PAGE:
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CHA applauds intern placements; awaits more announcements



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M E D I A R E L E A S E

CONTACT: Gavin Abraham CHA Media Manager 02 6203 2703 / 0408 825788

CHA represents the largest single grouping of non-government health, aged and community care services in Australia.

November 9, 2012

CHA applauds intern placements; awaits more announcements

Catholic Health Australia has applauded Health Minister Tanya Plibersek’s announcement in Perth this morning that agreement has been reached between the Commonwealth and the Western Australia Government to provide funding for more than 30 medical internships in private hospitals to cater for a record number of medical graduates.

“There has been a great response from Catholic hospitals, both public and private, around our network that have been willing to help the country keep Australian-trained doctors here and making a long-lasting contribution to the health of the nation,” Catholic Health Australia CEO Martin Laverty said.

“With Minister Plibersek today standing alongside the Western Australian Health Minister Kim Hames and leaders of St John of God Health Care at their hospital at Subiaco and announcing that medical interns now have places to train in WA, there has been a collective round of applause that the ball is now rolling.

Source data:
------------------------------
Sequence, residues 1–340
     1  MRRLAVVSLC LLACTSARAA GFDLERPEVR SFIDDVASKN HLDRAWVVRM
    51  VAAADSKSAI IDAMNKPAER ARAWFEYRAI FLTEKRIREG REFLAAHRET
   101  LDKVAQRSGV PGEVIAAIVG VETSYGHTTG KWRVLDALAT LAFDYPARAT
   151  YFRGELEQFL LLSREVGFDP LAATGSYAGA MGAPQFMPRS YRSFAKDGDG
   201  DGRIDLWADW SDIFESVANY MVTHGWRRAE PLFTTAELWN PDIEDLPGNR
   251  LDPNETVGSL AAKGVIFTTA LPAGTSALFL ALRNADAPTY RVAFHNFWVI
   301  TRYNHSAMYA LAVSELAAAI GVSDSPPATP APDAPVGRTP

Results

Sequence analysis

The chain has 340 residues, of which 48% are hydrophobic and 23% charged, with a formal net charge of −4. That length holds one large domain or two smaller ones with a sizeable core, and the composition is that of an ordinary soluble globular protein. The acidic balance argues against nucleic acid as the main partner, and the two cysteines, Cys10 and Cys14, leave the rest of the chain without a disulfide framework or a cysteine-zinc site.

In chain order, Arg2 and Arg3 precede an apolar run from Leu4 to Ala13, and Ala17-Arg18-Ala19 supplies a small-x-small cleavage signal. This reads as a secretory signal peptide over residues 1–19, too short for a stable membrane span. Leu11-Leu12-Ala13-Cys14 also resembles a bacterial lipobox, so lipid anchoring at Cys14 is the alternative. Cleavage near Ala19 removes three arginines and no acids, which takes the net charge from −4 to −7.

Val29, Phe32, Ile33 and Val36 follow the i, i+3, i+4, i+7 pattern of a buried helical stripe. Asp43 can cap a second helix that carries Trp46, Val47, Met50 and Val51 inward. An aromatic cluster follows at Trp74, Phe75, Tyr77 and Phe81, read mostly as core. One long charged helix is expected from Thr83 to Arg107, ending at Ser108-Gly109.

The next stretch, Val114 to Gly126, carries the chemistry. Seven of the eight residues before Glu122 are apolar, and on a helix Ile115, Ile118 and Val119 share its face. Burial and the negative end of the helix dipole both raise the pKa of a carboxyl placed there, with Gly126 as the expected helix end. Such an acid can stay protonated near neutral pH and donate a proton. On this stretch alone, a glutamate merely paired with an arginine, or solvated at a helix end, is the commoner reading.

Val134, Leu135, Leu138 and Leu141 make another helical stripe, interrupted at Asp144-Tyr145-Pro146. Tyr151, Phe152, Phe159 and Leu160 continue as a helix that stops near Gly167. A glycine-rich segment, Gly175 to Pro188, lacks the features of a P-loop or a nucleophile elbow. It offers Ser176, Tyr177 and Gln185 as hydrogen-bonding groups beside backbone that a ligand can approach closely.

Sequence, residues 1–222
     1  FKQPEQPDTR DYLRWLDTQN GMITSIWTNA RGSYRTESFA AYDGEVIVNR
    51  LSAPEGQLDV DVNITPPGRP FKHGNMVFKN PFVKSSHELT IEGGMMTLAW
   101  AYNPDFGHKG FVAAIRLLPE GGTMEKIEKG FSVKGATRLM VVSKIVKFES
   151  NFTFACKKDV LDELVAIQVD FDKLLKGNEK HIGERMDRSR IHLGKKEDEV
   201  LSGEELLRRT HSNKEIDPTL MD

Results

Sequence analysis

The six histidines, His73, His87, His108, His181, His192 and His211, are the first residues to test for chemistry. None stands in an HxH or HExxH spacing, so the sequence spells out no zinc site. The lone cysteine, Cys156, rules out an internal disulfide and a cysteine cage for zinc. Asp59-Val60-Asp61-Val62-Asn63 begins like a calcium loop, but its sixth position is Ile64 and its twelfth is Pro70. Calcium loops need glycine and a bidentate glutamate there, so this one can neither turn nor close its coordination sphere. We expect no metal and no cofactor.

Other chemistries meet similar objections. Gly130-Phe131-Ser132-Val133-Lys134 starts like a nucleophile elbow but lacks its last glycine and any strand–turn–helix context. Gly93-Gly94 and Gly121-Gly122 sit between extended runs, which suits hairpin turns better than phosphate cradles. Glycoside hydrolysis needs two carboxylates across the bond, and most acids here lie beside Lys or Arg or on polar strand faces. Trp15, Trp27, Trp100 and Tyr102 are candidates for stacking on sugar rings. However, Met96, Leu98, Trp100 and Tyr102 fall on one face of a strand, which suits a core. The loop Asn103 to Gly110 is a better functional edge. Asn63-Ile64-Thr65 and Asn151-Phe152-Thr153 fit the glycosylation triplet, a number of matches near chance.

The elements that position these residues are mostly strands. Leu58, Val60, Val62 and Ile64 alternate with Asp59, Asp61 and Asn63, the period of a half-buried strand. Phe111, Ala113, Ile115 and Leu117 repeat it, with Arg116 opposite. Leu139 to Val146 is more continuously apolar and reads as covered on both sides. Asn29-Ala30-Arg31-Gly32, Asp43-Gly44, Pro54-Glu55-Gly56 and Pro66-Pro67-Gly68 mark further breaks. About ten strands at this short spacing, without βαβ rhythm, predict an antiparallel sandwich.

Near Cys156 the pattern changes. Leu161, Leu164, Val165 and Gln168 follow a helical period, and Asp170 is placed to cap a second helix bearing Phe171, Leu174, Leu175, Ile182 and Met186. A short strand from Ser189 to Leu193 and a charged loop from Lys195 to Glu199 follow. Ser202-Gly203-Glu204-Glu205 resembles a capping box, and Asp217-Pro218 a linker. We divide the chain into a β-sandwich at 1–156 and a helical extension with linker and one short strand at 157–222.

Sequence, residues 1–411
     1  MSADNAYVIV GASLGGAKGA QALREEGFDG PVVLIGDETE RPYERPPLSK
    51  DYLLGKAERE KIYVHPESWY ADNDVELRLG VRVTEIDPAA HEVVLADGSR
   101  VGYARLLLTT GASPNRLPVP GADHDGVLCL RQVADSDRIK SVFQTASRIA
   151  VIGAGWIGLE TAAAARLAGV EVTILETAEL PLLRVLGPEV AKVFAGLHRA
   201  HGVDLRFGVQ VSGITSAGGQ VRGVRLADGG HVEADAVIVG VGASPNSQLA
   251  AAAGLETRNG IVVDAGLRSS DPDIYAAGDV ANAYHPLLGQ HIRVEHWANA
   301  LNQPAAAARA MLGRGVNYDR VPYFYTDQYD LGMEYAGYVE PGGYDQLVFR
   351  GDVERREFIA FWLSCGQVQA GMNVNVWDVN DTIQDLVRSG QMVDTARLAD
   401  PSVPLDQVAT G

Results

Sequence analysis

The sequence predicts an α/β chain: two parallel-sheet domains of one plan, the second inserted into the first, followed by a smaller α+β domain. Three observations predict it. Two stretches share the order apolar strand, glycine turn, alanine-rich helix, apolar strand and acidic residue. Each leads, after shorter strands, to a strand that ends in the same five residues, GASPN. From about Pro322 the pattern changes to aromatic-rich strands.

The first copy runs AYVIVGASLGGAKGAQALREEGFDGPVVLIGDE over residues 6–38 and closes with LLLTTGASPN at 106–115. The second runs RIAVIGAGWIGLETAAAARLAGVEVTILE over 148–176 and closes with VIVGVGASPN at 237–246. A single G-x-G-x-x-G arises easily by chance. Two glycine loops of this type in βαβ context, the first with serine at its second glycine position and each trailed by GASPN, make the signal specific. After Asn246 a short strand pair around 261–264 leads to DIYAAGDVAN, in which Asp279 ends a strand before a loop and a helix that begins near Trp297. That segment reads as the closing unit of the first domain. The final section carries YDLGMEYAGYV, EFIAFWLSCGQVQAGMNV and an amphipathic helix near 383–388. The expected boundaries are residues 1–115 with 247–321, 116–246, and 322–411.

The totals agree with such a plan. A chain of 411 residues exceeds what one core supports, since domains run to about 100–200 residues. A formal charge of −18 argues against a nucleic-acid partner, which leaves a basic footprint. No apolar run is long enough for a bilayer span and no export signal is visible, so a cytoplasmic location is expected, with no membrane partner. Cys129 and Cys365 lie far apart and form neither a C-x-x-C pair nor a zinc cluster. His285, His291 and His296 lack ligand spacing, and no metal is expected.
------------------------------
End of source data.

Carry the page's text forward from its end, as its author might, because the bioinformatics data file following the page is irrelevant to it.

“There is no time to waste, though, as other states await agreements and dozens more medical graduates await certainty about their training future.”

Following this morning’s announcement, St John of God Health Care will find places for a number of those interns in its hospitals.

“Several other Catholic hospitals around the country have expressed a desire to help deliver a solution to this problem, and they are eagerly anticipating the next round of Commonwealth-state agreements that can allow more places to be made available,” Mr Laverty said.

Mr Laverty pointed out that some hospitals that have shown an interest in taking interns for next year are yet to be accredited to train medical graduates, so it is important that the remaining states and territories are able to reach agreement urgently to allow that process to take place.

“Some of our member hospitals are becoming increasingly concerned that their offers to help train interns might be hampered by the time that it takes to accredit their facilities, but we are confident that the Government will not allow bureaucracy and administration challenges to become an impediment to securing training places,” he said.

Mr Laverty said the role that non-government hospitals are playing in finding a solution to the internship shortage provides further evidence of how non-government hospitals make a difference in health care delivery around Australia.

“The non-government health sector has a great deal to offer and we feel we could make an even greater contribution if we were more regularly invited to participate in the work that goes on to plan the future of health care in this country,” Mr Laverty concluded.